Sips & Secrets Speakeasy Fundraiser Returns to Lee-Fendall House
Let’s Get This Party Restarted!
Alexandria, VA – It’s been almost three years since the last Sips & Secrets Speakeasy Night at the Lee-Fendall House. The perennially sold-out 2021 fundraiser was postponed last fall when the event traditionally is held due to COVID.
This extremely popular social event raises funds for restoration projects at the Oronoco Street museum. A house dating back to 1785, home to generations of the Lee family, (Robert E. Lee’s boyhood home is across the street) to enslaved and free people of African descent, and to labor leader John L. Lewis, it is as culturally eclectic as it is steeped in local history.
In the early 20th century, the house was owned by Robert Downham. As a purveyor of liquor, Prohibition from 1920 to 1933 impacted his livelihood, and he was forced to vacate the house. Interestingly, the castle in England that poses as the Crawley’s manor in Downton Abbey is owned by a descendent of Robert Downham.
Hostesses for the evening were museum director Amanda Roper and event chairperson and board member Megan Ritter Judt. Amanda came to Lee-Fendall House having been instrumental in innovating the historical narrative at the McLeod Plantation in Charleston and from the National Museum of African American History and Culture. Over the past five years, Amanda has expanded Lee-Fendall’s exhibits and programs to present stories more inclusive of women’s, African-American, and union/labor history.
For several years, Megan has been the dynamo behind the Sips & Secrets event. One memorable occasion was the secret basement bourbon tasting when funds were raised for the basement excavation. Guests were issued a secret password with their ticket confirmation to access the hidden staircase and pass into the bare dirt room. Another year when the chimney needed rebuilding, the party moved upstairs next to labor leader John Lewis’s study with the silent auction action held in the dining room.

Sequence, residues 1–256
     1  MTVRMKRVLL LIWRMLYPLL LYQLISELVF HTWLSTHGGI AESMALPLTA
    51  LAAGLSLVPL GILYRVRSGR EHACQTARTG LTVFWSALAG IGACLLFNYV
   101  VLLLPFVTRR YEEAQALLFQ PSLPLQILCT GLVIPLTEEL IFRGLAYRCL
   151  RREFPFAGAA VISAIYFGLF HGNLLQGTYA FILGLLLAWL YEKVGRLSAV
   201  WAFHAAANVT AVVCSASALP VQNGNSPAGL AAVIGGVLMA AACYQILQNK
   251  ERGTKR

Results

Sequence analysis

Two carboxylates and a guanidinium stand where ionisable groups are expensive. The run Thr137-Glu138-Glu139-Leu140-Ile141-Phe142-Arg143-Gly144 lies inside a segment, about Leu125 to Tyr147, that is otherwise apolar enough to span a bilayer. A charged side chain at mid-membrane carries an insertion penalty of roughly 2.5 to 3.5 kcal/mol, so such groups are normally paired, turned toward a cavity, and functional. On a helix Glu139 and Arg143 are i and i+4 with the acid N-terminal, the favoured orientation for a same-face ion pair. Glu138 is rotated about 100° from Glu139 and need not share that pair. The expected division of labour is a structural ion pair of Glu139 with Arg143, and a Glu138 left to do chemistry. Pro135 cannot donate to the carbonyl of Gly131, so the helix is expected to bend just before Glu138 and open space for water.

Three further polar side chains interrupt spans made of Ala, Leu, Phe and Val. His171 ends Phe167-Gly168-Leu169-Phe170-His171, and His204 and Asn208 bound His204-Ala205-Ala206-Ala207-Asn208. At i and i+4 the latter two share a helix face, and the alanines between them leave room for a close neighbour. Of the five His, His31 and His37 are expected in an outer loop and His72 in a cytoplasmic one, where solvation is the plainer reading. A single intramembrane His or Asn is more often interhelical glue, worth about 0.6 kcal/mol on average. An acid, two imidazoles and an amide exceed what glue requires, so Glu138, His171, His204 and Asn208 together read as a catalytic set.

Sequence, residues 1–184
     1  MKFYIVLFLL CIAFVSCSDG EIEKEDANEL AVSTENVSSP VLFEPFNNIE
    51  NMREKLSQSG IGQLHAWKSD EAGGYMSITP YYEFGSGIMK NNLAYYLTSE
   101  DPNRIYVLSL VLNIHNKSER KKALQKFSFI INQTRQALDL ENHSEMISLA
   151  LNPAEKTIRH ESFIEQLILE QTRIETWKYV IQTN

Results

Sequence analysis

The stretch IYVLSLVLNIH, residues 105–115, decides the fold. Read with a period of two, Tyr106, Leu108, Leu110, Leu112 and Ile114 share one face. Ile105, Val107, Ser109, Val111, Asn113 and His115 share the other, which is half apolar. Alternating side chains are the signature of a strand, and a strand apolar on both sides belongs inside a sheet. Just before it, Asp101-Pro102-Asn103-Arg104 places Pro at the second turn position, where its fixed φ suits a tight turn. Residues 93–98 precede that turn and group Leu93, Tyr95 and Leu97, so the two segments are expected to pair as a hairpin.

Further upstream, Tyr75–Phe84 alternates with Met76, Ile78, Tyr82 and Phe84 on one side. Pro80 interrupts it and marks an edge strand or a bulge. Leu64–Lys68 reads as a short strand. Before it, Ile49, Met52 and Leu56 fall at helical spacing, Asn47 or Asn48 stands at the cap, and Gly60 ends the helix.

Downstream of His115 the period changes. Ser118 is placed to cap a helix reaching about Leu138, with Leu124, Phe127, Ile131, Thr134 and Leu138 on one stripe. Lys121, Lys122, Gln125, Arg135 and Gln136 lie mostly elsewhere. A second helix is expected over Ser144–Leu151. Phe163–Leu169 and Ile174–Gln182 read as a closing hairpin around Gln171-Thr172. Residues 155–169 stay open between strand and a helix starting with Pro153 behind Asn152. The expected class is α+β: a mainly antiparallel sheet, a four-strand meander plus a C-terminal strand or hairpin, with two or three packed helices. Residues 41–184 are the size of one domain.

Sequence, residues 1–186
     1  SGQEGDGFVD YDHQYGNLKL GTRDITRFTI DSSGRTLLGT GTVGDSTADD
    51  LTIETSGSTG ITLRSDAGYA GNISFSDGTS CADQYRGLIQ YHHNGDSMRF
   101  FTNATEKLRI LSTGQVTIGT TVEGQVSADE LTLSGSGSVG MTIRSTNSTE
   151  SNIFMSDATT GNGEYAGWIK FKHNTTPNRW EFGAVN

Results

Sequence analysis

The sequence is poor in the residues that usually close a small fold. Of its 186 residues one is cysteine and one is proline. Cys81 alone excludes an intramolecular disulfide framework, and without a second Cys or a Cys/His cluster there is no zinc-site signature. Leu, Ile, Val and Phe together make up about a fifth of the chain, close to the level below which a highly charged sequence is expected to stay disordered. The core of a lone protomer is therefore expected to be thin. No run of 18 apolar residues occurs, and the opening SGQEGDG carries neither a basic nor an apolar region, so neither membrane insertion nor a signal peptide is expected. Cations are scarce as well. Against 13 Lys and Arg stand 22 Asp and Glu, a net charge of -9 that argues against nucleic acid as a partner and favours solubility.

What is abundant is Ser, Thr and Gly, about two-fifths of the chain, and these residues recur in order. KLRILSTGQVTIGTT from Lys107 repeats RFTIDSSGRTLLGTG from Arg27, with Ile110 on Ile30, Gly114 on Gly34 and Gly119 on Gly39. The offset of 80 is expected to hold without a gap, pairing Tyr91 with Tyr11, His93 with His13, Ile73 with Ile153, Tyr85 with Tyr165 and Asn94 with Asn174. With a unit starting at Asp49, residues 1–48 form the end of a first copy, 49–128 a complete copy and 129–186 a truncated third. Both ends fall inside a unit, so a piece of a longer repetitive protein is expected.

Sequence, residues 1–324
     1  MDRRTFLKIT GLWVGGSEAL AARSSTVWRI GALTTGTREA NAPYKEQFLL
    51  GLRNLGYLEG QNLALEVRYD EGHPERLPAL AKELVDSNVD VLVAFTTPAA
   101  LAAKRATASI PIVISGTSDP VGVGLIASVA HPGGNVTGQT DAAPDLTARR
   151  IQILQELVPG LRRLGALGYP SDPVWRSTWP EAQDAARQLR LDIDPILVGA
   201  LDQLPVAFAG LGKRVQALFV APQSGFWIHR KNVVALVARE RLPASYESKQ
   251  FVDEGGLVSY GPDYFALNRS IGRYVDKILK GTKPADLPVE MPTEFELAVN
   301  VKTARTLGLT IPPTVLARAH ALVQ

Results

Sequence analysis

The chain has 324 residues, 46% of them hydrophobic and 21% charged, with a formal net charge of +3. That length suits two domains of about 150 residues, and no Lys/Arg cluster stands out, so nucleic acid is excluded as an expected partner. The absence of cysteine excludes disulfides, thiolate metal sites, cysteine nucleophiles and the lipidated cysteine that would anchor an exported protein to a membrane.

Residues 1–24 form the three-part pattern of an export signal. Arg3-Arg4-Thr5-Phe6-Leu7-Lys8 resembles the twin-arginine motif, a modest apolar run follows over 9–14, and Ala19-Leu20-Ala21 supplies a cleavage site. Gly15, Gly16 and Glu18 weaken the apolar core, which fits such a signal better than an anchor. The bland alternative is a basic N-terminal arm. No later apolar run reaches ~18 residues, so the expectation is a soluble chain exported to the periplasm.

Despite COVID remaining an unwanted party crasher, guests this year were allowed to tour the house masked, but the party and silent auction were kept outdoors. Fundraising activity currently focuses on restoring the brick retaining wall on the southeast side of the garden. The wall collapsed, like the chimney nearly did several years ago. The 200-year-old wall was built by enslaved workers using over 12,000 handmade bricks, amassing 69 tons of stone and brickwork.
Board Vice President Edward Horn explained that the fundraising goal had increased another $100,000 since the campaign kicked off. Loss of admission and program revenues due to COVID closures and contingencies set back operating revenues while renovation and restoration costs climbed.
The fall postponement until late May permitted partygoers to enjoy the lingering light of a later sunset. The band played into the night while flappers and the dapper spun and swung as if the temps weren’t midsummeresque. The Honorable James M. Duncan, for whom the Del Ray library branch is named, made the rounds. Duncan was the Mayor of Alexandria from 1920 to 1922. His Honor cut a dashing figure, walking stick in hand.
If you haven’t been to the Lee-Fendall House for the Sips & Secrets Speakeasy event, you haven’t been to the Lee-Fendall House. Make sure to save the next speakeasy date to step back into the 1920s when the country was born anew following a decimating world pandemic, and the only rule was to let the good times roll!
The Lee-Fendall House is open Wednesday – Saturday, 10 am to 4 pm and Sunday, 1 pm to 4 pm. Tours leave hourly. 614 Oronoco Street, Alexandria.
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